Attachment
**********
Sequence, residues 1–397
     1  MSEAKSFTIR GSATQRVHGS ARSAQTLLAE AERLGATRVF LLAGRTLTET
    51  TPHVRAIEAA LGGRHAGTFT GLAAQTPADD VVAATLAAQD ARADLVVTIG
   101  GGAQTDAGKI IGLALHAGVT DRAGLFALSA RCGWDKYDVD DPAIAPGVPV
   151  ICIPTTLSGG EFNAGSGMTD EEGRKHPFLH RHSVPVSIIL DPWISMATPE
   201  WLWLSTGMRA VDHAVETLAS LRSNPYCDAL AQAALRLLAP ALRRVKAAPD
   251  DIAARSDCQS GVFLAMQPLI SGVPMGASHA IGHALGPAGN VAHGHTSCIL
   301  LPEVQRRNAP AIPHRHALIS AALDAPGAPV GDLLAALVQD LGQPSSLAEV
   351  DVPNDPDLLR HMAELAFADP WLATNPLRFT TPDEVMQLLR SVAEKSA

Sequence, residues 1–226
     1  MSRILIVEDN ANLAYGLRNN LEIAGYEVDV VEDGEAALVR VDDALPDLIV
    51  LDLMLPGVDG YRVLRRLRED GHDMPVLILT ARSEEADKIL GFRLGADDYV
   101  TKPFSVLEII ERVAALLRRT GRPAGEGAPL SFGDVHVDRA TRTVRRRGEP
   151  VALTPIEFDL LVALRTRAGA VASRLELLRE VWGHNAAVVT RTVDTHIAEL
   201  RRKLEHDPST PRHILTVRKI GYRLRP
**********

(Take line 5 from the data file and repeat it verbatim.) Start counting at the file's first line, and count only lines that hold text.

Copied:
   151  ICIPTTLSGG EFNAGSGMTD EEGRKHPFLH RHSVPVSIIL DPWISMATPE